Westfest offers Czechoslovakian culture in heart of Texas

Westfest is a Czech Polka Festival held each Labor Day weekend in the Central Texas town of West to celebrate Czechoslovakian dance, food, and culture. This Westfest sign greets visitors from as far away as Russia, Japan Czechoslovakia and Germany, as well as many central Texas residents. Westfest began in 1976 as a means to celebrate the large Czech population that resides in the community.
Jessica Foreman | Reporter

By Jessica Foreman

Labor Day weekend’s 36th annual Westfest offered a wide range of various ethnic entertainment, cultural foods, Czechoslovakian dancing and costumes, competitions and one of the largest parades in Central Texas.

With competitions like horseshoe pitching, tractor pulls, the Kolache 5000 race, and the kolache baking contest, the festival in West attracts visitors from as far as Germany, Czechoslovakia, Russia and Japan, officials said.

The event kicked off Friday, with a preview party that featured Texas country artist Kyle Park, Johnny Lee & The Urban Cowboy Band and the Miss Westfest contest.

Saturday morning began with the annual parade. The West Fair & Rodeo Groups fairgrounds provided visitors with cultural entertainment, food, vendors and carnival rides until after midnight. The festival featured polka bands The Harvesters, Brave Combo and several others.

The Brazos Valley Cloggers from Waco and Csardas Hungarian Dancers from Austin performed Saturday under the fairground pavilions, along with several other acts. The parade of costumes, a colorful and cultural Westfest tradition, showcased original, handmade Czechoslovakian costumes.

Sunday included the morning Westfest Polka Mass, which featured hymns sung to polkas and waltzes. Finally, the crowd favorite, the Zorya Ukrainian Dance Ensemble from Dallas, performed the last dance.

Westfest originated in 1976 when former Dallas Cowboy Bob Lilly purchased the Coors distribution center in Waco. Lilly needed a means to promote and to sell his product.

Lilly’s idea for the first, now retired, event at Westfest was donkey baseball, a game with all the same rules as regular baseball, except that all players ride donkeys.

Lillian Pustejovsky Filer, West Charter member and one of the initial members of the McLennan-Hill Czech Heritage Society of Texas, said Heritage Society members are responsible for many components of Westfest, including coordinating the parade, setting up the grounds and providing nine immigration books with records of Czech families traveling to America.

“We are the backbone,” said Pustejovsky Filer in regard to organizing Westfest. “It’s a lot of work, but we enjoy meeting people.”

The McLennan-Hill Czech Heritage Society of Texas also sponsors the Czechoslovakian Christmas tree during Baylor University’s Christmas on 5th Street, and has provided the cultural tree for the past several years.

Miss Westfest, a definitive staple of the festival, is the annual competition for single women of Czech descent ages 15-21 who live in West.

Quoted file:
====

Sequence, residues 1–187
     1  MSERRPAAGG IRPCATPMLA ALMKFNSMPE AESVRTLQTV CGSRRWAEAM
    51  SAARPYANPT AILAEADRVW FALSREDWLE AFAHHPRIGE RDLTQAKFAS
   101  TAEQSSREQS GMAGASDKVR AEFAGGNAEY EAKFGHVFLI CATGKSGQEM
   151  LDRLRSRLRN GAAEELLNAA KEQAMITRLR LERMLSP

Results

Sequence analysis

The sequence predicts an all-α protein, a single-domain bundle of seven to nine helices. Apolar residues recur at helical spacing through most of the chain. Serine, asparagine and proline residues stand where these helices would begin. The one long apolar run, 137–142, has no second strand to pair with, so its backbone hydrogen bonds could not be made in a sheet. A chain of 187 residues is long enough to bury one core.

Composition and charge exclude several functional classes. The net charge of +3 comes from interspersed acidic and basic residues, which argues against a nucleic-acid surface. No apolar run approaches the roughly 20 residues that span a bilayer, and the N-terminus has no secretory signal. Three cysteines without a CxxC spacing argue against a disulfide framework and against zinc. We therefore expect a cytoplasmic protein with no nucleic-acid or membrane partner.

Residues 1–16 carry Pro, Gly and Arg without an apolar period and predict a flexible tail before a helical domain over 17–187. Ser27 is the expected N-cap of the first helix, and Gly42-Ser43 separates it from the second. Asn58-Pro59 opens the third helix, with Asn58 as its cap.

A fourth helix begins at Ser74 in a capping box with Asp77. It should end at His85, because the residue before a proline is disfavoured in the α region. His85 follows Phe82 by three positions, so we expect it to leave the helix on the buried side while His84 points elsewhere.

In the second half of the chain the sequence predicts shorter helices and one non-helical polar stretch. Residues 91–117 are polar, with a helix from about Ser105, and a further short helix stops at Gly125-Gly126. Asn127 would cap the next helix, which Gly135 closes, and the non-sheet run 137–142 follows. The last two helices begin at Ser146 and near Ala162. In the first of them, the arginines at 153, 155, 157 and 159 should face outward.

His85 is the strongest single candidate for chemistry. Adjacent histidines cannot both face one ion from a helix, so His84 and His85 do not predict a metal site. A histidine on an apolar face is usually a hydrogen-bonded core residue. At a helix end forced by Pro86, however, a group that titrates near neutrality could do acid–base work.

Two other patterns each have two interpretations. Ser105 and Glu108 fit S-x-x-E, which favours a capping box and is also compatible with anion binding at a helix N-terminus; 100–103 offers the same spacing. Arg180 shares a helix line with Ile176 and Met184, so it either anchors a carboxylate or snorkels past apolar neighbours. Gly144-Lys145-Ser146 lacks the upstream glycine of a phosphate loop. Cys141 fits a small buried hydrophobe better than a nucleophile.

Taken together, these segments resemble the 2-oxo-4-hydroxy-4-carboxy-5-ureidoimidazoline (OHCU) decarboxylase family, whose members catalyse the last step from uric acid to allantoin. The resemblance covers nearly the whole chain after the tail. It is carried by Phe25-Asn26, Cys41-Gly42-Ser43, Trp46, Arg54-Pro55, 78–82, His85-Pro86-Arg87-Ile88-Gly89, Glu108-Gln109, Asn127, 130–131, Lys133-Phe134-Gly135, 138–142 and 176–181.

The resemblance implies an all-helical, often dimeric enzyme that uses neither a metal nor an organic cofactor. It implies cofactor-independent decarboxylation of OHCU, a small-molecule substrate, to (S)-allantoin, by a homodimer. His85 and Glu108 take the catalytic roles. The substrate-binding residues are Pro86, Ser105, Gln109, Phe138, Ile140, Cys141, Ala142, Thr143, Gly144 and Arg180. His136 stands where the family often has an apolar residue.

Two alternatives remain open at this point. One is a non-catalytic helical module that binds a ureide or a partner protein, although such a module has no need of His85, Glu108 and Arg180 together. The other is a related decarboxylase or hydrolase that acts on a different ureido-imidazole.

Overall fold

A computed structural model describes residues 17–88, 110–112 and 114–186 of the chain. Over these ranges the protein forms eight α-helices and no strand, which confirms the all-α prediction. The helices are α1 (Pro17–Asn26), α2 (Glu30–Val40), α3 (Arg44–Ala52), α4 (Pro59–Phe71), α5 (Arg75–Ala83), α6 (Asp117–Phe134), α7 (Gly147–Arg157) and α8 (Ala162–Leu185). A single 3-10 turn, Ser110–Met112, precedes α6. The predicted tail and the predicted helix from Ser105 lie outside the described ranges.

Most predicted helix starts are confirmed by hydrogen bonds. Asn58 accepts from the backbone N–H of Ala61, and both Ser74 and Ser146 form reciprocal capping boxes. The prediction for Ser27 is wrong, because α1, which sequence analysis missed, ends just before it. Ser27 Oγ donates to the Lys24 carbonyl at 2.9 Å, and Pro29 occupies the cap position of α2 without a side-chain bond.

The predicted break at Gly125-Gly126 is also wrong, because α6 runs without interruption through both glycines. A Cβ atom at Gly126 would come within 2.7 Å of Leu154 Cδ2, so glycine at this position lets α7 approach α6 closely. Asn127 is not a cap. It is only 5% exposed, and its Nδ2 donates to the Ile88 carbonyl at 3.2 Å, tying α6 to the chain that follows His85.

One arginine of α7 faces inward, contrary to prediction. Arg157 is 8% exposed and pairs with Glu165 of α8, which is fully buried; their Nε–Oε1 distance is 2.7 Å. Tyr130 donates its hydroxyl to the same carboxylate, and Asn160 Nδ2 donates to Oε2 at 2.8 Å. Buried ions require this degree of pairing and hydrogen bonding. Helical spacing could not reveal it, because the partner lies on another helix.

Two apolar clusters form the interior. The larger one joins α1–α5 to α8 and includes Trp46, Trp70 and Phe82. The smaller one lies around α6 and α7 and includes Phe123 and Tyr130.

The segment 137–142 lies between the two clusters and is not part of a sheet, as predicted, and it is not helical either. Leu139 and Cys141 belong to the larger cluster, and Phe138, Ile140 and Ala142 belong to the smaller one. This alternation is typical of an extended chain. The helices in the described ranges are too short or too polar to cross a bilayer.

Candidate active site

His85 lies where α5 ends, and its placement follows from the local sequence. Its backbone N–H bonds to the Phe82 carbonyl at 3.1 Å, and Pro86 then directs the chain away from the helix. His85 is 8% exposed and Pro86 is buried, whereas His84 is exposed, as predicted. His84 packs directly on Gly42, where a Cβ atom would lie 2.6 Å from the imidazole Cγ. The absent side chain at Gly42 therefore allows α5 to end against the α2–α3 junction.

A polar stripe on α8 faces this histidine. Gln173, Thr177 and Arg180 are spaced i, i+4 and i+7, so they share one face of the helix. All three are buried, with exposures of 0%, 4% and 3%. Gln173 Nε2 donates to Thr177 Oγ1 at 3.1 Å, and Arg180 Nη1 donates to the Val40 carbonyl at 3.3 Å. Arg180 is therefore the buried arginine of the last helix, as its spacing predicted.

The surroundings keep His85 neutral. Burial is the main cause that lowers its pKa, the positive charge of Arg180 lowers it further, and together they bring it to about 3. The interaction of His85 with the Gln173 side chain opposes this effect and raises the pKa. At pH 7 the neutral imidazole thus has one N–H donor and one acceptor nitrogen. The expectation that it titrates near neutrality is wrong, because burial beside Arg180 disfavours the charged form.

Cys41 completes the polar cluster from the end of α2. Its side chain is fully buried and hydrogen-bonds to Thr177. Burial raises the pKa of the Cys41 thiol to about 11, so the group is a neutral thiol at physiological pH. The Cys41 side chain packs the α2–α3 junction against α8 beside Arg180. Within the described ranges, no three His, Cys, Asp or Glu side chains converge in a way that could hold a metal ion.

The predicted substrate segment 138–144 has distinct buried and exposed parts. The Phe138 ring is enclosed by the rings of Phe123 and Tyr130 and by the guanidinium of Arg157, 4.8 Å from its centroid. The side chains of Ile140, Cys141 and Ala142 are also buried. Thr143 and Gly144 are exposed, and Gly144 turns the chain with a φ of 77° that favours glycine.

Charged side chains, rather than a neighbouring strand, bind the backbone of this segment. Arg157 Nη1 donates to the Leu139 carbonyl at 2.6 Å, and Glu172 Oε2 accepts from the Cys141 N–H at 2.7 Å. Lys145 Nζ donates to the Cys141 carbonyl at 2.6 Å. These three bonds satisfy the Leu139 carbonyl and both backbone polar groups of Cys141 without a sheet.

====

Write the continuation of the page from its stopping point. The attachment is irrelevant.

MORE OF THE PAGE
Contestants are required to perform a series of interviews to participate. This year’s 2011 Miss Westfest, West High School senior Heather Kraemer, said she was “completely in shock” when her name was announced, but was also pleasantly surprised.

“My favorite part of Westfest is family and tradition,” said Kraemer, who is involved in several extra-curricular activities with West High School and her community youth group. “Being [Miss Westfest] is mostly about being with family, and representing my family and town.”

Kraemer’s Miss Westfest responsibilities include signing autographs, taking pictures with fans, participating in the 2012 Westfest parade, and being the public face of Westfest.

Nita Gerik, Westfest director, said an emphasis on family is mostly what Westfest is about.

“I’m a people person,” Gerik said, who has been a part of Westfest since its beginnings. “I like to get the people involved. They love their music, they love their food, their dancing…It’s got the whole family involved. That’s what makes is a success. It’s very family-oriented.”

Gerik said Westfest generates $20,000 to $25,000 of revenue for local nonprofit organizations, and the income allows for five scholarships for West High School students.

Mark Hoelscher with Main & Broadway Beverages Co. in West looks forward to the festival as “a place to see familiar faces.”

“[Westfest] is so well-established, we know what to expect,” said Hoelscher, who played the tuba with the West High School band during the first Westfest parade in 1976. “It’s like a city wide homecoming.”

This year’s Westfest brought in crowds of more than 20,000 and was a family-fun event for all who attended. More information about future Westfest celebrations can be found at westfest.com, where festival organizers feature a running countdown to next year’s event. Next Westfest is only 358 days away.